I last wrote a review regarding Christian books around Eastertide of this year. As always I am reading, reading, reading. I think I single handedly keep our church library busy! One book that is full of wonder and thought is the classic, “The Religious Potential of the Child” by Sofia Cavalletti, which I think should be a must-read for any parent interested in children and their relationship to God. This book was written after twenty-five years of work with children ages 3-11, and offer profound insight into spirituality and religion for the young child. To me personally, religion is first and foremost about love, joy, wonder and a personal relationship with Christ and this book captures this so well. I read this quite some time ago, and am glad I circled back around to it again as its words are so rich and profound for all of us as human beings.
What this book does to me, is to remind us that children can lead us to God and that we must not hinder them. Instead, we must envelop both the mystery of God and the mystery of the child. If we start with our own hunger to know and love this child before us, how much easier to find a path to the Divine!
The major themes of this book includes Christ as the Good Shepherd; the Eucharist and how this draws forth a response in us; Christ as a Light and how this transmits to a child through Baptism; and the mystery of Life itself. In this book is acknowledged the child’s ability to see the invisible, the child’s mysterious knowledge of God and the joy that can be found in God. The adult is not the “teacher” – both the adult and the child receive in wonder.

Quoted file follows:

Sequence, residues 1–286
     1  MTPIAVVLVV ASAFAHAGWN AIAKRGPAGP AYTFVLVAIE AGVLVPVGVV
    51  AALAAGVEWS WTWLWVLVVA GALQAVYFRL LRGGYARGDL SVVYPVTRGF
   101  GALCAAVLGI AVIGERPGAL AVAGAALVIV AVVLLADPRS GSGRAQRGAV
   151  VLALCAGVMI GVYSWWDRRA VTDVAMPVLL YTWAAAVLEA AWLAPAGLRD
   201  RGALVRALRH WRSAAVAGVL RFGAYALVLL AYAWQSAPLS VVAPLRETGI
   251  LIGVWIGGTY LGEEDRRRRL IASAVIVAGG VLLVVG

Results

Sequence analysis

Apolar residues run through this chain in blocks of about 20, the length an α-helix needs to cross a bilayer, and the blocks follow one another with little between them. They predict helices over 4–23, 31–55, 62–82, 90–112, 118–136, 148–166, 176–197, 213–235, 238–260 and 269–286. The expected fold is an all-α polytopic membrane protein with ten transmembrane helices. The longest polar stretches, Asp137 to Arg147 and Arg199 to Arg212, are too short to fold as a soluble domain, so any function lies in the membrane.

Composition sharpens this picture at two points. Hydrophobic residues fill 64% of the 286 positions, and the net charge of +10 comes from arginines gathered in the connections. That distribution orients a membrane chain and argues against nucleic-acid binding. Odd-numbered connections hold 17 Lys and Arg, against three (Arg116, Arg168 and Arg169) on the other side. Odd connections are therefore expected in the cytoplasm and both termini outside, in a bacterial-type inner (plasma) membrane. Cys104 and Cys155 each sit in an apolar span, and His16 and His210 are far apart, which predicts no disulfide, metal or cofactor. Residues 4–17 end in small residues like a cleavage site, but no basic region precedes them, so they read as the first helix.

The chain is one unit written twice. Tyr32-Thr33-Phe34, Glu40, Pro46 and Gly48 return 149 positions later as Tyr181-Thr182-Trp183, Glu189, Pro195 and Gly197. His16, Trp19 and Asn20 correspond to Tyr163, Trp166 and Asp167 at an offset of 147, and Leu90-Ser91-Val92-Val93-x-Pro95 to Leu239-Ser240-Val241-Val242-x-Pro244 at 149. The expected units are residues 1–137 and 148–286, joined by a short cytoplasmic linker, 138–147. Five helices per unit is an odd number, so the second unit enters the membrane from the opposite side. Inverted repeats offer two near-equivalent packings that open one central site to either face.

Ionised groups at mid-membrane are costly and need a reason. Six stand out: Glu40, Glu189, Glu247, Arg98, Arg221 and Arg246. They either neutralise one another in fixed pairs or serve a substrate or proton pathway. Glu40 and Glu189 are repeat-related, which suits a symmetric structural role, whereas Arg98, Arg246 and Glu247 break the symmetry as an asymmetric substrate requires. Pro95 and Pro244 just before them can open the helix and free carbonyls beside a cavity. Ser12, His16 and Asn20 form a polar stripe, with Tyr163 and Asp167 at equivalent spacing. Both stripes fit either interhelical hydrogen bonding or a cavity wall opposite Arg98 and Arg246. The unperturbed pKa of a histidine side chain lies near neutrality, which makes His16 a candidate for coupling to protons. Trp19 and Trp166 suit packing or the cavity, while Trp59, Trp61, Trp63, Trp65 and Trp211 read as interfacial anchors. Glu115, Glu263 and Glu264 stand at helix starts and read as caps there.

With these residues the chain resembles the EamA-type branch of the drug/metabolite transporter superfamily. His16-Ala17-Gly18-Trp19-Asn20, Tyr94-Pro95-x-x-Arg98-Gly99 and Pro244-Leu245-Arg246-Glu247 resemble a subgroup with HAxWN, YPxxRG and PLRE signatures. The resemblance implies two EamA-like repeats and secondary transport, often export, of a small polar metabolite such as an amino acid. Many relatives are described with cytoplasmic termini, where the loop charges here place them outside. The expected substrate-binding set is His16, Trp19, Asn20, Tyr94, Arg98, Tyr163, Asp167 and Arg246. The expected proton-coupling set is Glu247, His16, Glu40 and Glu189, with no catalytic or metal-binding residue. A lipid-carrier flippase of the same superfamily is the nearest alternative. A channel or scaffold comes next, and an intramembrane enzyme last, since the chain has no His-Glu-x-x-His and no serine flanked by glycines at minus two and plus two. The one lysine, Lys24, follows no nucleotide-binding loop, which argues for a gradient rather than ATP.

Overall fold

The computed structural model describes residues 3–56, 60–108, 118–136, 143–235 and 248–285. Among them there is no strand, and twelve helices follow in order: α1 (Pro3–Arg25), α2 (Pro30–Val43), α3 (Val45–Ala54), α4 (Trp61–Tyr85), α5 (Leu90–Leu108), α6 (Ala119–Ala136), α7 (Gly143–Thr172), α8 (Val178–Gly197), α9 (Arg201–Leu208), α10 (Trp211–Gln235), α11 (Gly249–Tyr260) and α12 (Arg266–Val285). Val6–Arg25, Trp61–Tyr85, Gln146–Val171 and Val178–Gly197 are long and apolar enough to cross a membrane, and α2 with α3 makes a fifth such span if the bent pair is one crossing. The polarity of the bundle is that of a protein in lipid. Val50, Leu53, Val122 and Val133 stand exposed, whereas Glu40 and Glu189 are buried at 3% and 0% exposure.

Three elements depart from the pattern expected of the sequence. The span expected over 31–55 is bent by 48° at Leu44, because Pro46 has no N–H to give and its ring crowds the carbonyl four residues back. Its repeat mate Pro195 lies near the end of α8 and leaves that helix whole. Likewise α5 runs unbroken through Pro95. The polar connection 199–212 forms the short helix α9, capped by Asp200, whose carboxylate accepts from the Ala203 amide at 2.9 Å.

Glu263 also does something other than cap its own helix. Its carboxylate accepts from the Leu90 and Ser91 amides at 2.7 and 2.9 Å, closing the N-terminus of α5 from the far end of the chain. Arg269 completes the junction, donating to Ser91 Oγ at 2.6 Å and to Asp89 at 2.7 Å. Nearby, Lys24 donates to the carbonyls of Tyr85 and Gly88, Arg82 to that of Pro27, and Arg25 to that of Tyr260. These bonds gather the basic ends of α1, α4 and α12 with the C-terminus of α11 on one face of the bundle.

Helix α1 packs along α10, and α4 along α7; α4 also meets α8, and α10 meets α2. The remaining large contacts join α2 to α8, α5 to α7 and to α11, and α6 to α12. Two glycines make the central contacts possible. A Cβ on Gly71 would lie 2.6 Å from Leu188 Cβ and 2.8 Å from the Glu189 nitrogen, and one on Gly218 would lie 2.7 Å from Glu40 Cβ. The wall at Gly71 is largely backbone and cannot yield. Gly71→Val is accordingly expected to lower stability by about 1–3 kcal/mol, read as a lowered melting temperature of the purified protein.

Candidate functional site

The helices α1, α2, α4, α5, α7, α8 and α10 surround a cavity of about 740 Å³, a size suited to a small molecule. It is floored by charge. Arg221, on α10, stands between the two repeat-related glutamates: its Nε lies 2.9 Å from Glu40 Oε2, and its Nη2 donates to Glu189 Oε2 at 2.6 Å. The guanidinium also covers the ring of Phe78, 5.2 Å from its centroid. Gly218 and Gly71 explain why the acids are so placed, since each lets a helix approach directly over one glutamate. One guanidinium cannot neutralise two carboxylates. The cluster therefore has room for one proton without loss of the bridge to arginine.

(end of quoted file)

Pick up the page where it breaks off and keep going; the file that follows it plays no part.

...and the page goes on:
These wondering experiences are based in Christ – Christ as the mediator; Christ as seen from the Incarnation as a bond between man and God. There are wonderful indications in this book for working with small children using parables from the New Testament, particularly this image of Christ as the Good Shepherd, including modifications and presentation. Communal and personal meditation and art response are all part of wondering.
Interestingly, this book advocates waiting for Old Testament stories until the child is at least Continue reading